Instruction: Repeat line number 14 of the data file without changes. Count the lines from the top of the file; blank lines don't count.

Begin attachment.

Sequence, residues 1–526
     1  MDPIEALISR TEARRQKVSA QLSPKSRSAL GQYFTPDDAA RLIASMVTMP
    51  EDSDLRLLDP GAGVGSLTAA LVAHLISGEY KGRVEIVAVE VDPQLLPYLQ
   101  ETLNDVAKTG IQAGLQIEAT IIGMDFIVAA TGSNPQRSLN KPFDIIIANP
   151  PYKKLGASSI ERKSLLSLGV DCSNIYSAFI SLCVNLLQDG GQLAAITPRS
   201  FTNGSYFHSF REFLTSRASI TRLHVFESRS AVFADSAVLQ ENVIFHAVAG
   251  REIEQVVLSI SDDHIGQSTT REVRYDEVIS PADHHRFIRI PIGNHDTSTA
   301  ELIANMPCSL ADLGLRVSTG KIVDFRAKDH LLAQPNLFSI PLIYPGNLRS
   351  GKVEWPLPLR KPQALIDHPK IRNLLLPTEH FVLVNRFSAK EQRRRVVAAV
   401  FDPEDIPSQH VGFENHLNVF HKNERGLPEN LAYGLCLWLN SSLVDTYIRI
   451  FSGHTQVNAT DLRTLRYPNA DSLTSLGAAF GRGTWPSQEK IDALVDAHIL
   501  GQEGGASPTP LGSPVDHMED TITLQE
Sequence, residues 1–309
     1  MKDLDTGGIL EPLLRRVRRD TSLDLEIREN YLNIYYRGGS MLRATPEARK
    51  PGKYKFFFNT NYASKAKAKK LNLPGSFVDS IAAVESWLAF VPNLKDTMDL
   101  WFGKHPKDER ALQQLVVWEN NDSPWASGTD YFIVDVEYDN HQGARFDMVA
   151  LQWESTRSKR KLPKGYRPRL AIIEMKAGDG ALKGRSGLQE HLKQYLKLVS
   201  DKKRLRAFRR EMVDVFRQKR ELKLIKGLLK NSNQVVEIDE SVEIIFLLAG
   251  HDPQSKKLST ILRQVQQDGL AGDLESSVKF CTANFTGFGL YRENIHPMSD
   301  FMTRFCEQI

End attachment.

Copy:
     1  MKDLDTGGIL EPLLRRVRRD TSLDLEIREN YLNIYYRGGS MLRATPEARK